Again, maybe it was just the blurred memory of childhood, but I always recalled looking at those deviled eggs, sitting in their little Tupperware deviled egg tray, and they were perfect. Every one of them smooth and shiny, perfectly cut lengthwise in half and then refilled with a tasty egg mixture, and sprinkled with paprika. Mom was a good cook, but these eggs were always just right – and she had to make a few dozen of them to cover the appetites of seven children, and don’t forget Dad…
Of course, Mom is gone now, probably whipping up a batch of heavenly eggs for everyone in heaven, but among the hundreds of other questions I wish I could ask her, one would be – how’d you do it? How did you make those deviled eggs so perfect and looking wonderfully edible? Because I must tell you – that just ain’t the case with the next generation’s deviled eggs attempts.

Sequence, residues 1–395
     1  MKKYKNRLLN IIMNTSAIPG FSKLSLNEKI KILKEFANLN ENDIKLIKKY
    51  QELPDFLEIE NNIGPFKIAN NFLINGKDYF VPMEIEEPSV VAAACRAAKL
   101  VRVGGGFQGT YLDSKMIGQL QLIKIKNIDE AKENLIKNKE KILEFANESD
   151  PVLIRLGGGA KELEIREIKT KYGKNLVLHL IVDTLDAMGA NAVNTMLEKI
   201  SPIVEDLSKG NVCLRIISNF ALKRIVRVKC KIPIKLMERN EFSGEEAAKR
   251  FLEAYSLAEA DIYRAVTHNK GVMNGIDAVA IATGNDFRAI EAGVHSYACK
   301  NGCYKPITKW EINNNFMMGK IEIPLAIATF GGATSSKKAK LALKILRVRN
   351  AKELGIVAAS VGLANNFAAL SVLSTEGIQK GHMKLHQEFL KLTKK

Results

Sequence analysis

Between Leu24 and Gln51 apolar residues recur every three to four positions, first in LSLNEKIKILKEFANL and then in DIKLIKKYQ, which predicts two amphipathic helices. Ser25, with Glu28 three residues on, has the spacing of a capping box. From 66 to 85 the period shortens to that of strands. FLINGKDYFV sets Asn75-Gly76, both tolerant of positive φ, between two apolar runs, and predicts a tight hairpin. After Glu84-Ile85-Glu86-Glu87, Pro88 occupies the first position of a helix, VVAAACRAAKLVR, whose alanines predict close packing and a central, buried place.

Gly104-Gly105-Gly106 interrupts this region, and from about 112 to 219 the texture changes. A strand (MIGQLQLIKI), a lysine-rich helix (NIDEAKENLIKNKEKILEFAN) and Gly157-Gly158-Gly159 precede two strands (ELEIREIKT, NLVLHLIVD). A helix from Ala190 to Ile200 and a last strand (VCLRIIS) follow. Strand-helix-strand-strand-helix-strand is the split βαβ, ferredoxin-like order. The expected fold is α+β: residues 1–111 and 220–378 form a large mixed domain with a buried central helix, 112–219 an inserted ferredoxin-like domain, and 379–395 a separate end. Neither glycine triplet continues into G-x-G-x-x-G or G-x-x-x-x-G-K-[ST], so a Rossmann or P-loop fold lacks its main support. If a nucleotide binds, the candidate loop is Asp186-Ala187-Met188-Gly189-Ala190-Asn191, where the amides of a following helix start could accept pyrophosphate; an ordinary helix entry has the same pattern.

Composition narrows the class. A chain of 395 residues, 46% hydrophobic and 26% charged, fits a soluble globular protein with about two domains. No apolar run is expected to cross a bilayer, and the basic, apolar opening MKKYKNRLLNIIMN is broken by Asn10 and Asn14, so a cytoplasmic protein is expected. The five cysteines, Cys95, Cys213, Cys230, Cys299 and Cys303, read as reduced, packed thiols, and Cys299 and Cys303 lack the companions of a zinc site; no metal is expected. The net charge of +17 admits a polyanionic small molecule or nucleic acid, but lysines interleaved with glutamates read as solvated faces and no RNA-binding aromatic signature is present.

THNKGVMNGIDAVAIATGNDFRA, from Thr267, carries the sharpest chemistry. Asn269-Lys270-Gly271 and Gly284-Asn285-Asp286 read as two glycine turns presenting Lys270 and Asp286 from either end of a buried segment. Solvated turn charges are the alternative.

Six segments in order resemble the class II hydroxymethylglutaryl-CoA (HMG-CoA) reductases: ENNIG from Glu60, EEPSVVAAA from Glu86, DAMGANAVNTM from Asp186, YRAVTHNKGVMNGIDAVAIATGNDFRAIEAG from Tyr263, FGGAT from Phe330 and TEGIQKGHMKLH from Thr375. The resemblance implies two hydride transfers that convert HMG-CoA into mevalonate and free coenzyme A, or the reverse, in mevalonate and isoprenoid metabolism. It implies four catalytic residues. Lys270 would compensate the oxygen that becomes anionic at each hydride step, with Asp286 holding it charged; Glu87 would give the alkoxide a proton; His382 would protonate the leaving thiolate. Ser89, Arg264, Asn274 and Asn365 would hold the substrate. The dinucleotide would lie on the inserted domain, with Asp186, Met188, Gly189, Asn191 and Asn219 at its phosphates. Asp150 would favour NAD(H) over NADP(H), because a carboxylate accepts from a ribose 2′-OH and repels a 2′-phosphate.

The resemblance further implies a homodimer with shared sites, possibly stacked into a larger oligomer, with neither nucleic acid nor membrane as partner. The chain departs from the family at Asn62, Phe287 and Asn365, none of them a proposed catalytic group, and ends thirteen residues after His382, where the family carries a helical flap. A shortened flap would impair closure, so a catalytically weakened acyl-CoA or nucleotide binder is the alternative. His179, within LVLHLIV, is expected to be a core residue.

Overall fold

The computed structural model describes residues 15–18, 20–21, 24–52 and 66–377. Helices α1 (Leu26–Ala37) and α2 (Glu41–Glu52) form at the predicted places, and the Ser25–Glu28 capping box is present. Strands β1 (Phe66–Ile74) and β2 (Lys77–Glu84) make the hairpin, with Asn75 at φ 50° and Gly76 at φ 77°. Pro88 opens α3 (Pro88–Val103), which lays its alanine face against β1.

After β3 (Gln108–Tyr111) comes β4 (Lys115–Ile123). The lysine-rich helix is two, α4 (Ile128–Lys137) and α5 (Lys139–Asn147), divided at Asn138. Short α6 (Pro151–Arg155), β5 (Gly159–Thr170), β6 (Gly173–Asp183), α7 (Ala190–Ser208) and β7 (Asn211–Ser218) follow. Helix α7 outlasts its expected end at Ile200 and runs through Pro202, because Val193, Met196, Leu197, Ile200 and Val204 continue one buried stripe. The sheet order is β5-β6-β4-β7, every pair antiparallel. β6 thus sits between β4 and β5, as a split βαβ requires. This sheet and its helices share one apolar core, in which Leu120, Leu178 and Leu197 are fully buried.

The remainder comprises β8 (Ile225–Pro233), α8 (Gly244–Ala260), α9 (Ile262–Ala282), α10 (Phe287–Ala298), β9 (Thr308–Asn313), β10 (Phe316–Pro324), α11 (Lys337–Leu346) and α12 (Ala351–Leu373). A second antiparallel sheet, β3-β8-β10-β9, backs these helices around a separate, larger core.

So, today is Memorial Day, which means steak and corn on the cob – and, as Cheri reminded me… deviled eggs. No problem at all, right? We took a dozen eggs. So far so good. However, after decades of being able to boil eggs with the greatest of ease, for some reason, in the last few years, it’s like trying to putt on the golf course green after missing the last three holes. Instead of trusting in my instincts, I went to the internet to find the way to boil perfect boiled eggs, that would shed from the shell simply and cleanly, and get us on the way to the beautiful deviled eggs from the past.
So, you either put the eggs in cold water, and boil them for 12 minutes, or you get the water boiling, then drop the eggs in, and then shut off the heat and let them sit silently for 10 minutes, or you put vinegar and salt in the water, and just before it boils you put the eggs in, and then dance an Irish jig around the kitchen holding one of your cats over your head, all the time reciting the pledge of allegiance…